In Southern California you never know whom you might see or even chat with. In the past few years I’ve seen Diane Keaton at the Getty Museum and had a long chat at a local Trader Joe’s with the original Hot Lips Houlihan from the MASH film—Sally Kellerman.

In early 1980, when I was the editor of the Acorn newspaper in Agoura, I met actor Strother Martin, who, with his wife Helen, was active in the community and a member of the Agoura-Las Virgenes Chamber of Commerce. He didn’t come to our weekly meetings since he had a busy film career, but he did share his talent with us at our Christmas party at the Calabasas Inn. I took this photo of Strother reading part of Charles Dickens’ A Christmas Carol. He had a beautiful voice, far from the “prairie scum” accent he used for roles such as the prison warden in “Cool Hand Luke” where he so famously said, “What we have here is failure to communicate.”


Strother Martin

Strother Martin reading “A Christmas Carol”

I got to know him a little when I did an interview with him at his home in Thousand Oaks. He was getting ready to fly to New York to host the “Saturday Night Live” TV program. He gave me a photo from a recent film he’d done with John Wayne and Katherine Hepburn, “Rooster Cogburn.” I still have it. Within a few months, however, Strother died of a heart attack. Many members of the Chamber of Commerce attended his August funeral at Forest Lawn, including me. I was invited back to the Martin home after the funeral. Jimmy Carter was President then and he called Helen Martin personally to convey his sympathies. I’m currently editing Madelyn Roberts’ biography of the actor: Strother Martin, A Hero’s Journey Fulfilled.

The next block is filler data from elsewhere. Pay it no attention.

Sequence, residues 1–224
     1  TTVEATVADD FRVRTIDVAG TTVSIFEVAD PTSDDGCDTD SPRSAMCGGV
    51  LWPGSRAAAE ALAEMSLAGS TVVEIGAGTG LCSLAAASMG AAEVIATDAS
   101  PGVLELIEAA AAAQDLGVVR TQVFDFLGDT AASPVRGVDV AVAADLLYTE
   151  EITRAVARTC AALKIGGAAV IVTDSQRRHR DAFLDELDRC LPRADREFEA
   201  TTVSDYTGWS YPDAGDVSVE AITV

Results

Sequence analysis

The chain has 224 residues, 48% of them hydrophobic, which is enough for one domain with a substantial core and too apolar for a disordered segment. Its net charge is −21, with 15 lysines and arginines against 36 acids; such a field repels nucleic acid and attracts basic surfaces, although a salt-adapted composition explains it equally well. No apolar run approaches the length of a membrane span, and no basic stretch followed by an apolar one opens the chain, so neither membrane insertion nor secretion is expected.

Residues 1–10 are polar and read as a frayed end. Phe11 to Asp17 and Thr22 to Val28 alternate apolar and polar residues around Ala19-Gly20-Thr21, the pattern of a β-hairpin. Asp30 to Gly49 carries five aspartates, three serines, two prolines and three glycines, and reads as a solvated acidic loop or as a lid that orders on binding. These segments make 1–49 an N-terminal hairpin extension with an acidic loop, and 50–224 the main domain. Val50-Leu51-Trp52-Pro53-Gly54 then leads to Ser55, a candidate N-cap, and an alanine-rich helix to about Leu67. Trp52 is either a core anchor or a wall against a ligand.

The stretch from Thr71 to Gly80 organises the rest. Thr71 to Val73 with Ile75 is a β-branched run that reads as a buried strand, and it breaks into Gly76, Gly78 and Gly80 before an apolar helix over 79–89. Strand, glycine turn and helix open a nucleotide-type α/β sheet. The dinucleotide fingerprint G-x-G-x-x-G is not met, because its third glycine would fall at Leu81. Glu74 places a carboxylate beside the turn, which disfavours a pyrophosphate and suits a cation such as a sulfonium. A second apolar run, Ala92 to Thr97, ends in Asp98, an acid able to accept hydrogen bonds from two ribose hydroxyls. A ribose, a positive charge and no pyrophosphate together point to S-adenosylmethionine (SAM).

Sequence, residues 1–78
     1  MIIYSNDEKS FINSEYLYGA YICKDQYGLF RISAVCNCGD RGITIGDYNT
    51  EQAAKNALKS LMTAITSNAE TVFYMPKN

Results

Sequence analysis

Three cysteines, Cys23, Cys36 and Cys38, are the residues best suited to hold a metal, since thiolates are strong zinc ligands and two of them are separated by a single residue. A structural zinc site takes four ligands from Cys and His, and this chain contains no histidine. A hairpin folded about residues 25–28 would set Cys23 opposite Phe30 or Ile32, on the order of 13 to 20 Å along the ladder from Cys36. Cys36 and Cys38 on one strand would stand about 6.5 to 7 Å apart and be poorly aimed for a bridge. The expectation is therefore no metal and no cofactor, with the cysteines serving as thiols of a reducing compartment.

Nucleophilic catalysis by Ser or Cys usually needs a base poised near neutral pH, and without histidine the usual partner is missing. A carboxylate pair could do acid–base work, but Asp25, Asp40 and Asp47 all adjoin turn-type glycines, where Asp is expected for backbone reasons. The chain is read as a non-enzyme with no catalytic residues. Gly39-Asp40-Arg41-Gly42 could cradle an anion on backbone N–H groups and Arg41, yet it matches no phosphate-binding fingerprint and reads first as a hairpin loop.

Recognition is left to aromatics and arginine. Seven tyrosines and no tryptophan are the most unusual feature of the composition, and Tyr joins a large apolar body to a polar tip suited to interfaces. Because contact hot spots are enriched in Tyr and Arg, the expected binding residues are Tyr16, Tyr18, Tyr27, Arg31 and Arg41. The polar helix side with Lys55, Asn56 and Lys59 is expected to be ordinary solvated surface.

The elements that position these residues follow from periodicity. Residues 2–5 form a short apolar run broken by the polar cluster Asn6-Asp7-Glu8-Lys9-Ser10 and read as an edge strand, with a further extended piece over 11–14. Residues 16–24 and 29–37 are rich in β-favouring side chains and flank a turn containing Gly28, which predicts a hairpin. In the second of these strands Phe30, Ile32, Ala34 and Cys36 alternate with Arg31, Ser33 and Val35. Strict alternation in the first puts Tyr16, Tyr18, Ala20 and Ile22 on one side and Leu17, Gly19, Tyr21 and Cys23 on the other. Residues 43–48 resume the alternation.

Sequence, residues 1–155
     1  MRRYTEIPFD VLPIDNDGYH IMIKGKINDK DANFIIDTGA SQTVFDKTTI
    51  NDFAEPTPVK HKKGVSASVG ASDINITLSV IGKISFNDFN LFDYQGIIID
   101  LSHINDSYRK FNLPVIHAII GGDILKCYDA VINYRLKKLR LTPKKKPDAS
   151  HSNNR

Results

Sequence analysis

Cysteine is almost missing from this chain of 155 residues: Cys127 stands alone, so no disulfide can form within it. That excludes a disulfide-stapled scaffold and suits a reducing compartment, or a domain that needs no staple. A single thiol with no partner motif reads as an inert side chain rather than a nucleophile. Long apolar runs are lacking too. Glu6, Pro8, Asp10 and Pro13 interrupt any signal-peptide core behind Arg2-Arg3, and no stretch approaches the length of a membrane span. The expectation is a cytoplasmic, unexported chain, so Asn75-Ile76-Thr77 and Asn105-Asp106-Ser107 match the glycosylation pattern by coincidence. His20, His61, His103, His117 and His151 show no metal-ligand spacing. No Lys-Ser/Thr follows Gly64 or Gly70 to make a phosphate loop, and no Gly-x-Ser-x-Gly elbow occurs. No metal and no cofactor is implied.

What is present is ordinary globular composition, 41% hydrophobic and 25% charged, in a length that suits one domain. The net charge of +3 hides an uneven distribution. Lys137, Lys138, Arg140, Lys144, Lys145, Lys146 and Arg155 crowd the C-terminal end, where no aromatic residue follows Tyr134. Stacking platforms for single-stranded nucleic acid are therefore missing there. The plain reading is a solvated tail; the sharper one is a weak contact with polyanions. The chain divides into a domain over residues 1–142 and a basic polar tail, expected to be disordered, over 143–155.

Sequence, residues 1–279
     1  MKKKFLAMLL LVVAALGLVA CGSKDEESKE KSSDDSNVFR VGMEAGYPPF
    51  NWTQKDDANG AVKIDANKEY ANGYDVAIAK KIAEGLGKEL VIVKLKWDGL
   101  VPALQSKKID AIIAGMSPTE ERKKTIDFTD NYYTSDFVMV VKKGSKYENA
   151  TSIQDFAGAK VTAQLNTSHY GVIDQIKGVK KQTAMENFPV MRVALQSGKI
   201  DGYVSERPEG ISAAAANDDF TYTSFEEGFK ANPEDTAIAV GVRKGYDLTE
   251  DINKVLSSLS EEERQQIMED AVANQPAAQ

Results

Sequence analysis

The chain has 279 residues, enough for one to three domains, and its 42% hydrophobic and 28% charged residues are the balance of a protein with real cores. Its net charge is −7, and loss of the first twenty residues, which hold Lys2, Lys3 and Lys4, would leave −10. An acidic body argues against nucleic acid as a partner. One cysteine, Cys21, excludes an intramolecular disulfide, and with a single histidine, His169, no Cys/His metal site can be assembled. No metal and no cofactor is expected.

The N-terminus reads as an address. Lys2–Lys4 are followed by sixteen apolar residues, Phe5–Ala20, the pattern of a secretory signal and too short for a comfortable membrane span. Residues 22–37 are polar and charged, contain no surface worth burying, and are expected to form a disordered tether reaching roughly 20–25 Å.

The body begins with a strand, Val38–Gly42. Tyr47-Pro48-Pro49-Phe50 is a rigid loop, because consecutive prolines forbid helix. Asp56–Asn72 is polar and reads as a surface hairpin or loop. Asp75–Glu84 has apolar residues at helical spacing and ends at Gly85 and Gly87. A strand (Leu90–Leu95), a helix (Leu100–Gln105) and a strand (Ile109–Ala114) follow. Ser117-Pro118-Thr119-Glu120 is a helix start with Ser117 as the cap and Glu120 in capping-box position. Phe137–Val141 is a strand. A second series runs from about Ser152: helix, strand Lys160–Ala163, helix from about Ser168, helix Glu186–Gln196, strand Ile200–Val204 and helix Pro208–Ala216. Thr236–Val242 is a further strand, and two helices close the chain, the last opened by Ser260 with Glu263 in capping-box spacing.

I met champion heavyweight boxer Jerry Quarry in a local restaurant bar, at that time called New Orleans West. The bar/lounge was a gathering place for many singles in Westlake Village. Since the place bordered Westlake Lake, some residents of the nearby Island (Mickey Rooney had once lived there) would travel via electric party boats and dock them below the restaurant.


Boxer Jerry Quarry

Boxer Jerry Quarry

In the 1980s when I met Jerry, his boxing career was over but people in the bar remembered him and enjoyed his company. I got to know him and eventually interviewed him for a local publication. Nicknamed the Bellflower Bomber during his career, he had been successful, winning 53 fights out of 66. He was a California boy from Bakersfield and had been the most popular fighter in “Ring” magazine from 1968-71. He had even fought the famous Mohammed Ali and Joe Frazier.

Quarry, a local resident, was past his prime when I knew him, but he was friendly and liked to have a good time. Not long after he began to suffer from the effects of dementia caused by getting hit in the head too often during his boxing career. He was only 53 when he died in 1999. He’s included with other famous boxers in the World Boxing Hall of Fame in New York.

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